Picking the Ten Best films of the year has been a ritual for critics and reviewers pretty much as long as there have been critics and reviewers. There are criteria for Ten Best-ness, of course. But what about criteria for years? The evidence suggests that some are lesser (less Best-er?) than others.
Can it be that the just-concluded 2010 may not have brought us a single great film? Oh, there were good ones, to be sure; some very good. Even a few that were excellent. But no thunderclaps on the order of Unforgiven (1992), Saving Private Ryan (1998), An Autumn Tale (1999), About Schmidt (2002), The Edge of Heaven (2008) or A Serious Man (2009).
Do we have a problem here? Not necessarily. Not every year can be 1939 (Rules of the Game! Stagecoach! Young Mr. Lincoln! Only Angels Have Wings! Mr. Smith Goes to Washington! The Four Feathers! ...). But something did seem to be missing.
Of course, that something simply may not have arrived here yet. The judges at last May's Festival de Cannes reckoned that the best film in competition was Uncle Boonmee Who Can Recall His Past Lives, from Thailand's Apichatpong Weerasethakul. On the evidence of A.W.'s Syndromes and a Century, a wonderful, unclassifiable film from 2006, I'm prepared to believe them. Uncle Boonmee is only the most oddly titled of quite a few possibly great 2010 films that just haven't had a Seattle booking so far. Some never will.
Then too, the problem might be with the critic. Understanding and appreciating films can be, should be, an ongoing activity - yet journalistic practice and the 24/7 pressure of the babbling Internet demand instantaneous, preferably monolithic assertion of opinion. The end of 2010 isn't necessarily the best time to evaluate 2010. Myself, I'm not bothered that I still haven't come fully to terms with, say, so widely esteemed and much awarded a movie as The Social Network.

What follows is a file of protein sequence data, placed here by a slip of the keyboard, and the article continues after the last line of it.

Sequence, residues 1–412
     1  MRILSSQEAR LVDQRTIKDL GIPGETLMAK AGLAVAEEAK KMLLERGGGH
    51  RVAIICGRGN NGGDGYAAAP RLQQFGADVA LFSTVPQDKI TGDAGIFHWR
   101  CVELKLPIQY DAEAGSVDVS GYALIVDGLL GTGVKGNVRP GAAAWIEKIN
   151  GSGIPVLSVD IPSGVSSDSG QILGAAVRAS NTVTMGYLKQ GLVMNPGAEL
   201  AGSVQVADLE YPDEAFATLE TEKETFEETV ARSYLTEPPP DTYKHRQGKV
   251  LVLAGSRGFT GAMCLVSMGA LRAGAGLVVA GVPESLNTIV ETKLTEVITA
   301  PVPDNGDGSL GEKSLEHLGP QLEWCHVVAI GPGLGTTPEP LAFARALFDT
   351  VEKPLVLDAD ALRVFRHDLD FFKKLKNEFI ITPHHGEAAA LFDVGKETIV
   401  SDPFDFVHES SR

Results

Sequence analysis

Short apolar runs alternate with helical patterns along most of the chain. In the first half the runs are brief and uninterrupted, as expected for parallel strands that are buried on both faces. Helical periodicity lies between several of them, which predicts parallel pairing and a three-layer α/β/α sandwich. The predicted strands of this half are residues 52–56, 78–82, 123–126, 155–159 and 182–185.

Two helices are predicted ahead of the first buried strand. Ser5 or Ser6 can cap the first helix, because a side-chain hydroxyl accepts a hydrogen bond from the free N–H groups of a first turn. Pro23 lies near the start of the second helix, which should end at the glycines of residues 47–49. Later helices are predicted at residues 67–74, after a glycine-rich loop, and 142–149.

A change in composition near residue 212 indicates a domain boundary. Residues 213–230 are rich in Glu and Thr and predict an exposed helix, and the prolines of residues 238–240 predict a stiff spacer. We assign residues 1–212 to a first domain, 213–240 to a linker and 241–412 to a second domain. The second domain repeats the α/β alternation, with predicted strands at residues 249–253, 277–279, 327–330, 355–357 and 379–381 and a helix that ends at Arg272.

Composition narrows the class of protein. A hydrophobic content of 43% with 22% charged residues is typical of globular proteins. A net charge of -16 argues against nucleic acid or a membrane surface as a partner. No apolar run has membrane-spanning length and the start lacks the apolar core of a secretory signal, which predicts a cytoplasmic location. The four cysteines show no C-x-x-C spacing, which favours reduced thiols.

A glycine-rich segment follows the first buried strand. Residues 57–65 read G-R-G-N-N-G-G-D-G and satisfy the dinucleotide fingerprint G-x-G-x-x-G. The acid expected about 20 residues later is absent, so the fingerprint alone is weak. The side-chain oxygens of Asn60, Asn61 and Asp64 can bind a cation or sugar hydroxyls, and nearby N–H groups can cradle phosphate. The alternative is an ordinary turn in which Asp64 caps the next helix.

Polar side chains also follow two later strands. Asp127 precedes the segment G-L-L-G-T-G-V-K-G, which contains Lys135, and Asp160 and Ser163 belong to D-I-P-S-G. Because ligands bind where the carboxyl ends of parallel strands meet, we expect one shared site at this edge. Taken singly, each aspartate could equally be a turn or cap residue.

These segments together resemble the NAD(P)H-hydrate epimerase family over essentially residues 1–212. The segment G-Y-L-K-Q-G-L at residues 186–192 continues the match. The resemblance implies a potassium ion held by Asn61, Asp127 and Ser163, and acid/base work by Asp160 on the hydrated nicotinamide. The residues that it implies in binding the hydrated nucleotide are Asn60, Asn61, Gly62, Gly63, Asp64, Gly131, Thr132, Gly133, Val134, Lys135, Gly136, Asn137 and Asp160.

As a contributor to MSN.com's annual Ten Best poll, I was obliged to submit a ranked list by Dec. 10. With the usual backloading of Oscar-hopeful movies for release around Christmastime, such an early deadline can lead to embarrassing omissions. But 2010's late-breaking films have proved an anticlimactic lot. I added one title to my tied-for-10th slot. That's it.
So on with the Best of the not-quite-great. The first three positions are solid; four through nine, unnumbered and listed in the order I saw them; and then - well, 10 was going to be that tie, but ... read on.
1. THE GHOST WRITER (Roman Polanski). I'm far from the only observer to remark what a rare pleasure it was to watch a movie made by someone who, in every frame and beat, so clearly knows how to make a movie. A thriller worthy of Hitchcock, and even Hitchcock forgot how to do that after a while. You already know Ewan McGregor and Pierce Brosnan are terrific, so let's spotlight the enigmatic Olivia Williams.
2. WINTER'S BONE (Debra Granik). This adaptation of one of Daniel Woodrell's bleak Ozark novels struck many as the best new movie in the Seattle International Film Festival. Jennifer Lawrence excels as Ree Dolly, 17 years old and mainstay of her household. Her meth-cooking dad has gone missing; trying to find him becomes nothing less than a struggle for survival, in a remote community where everyone is blood kin and blood is poison. In May I wrote that Lawrence's Ree "burns with a cold fire," a metaphor Kathleen Murphy felt wasn't right; there's nothing cold about Ree's heart, or the hurt and fear behind her eyes. I recently watched the movie again, this time on Blu-ray, and was glad for the picture-window clarity. Every detail of place, climate and performance should be allowed to register, because it's all dead right.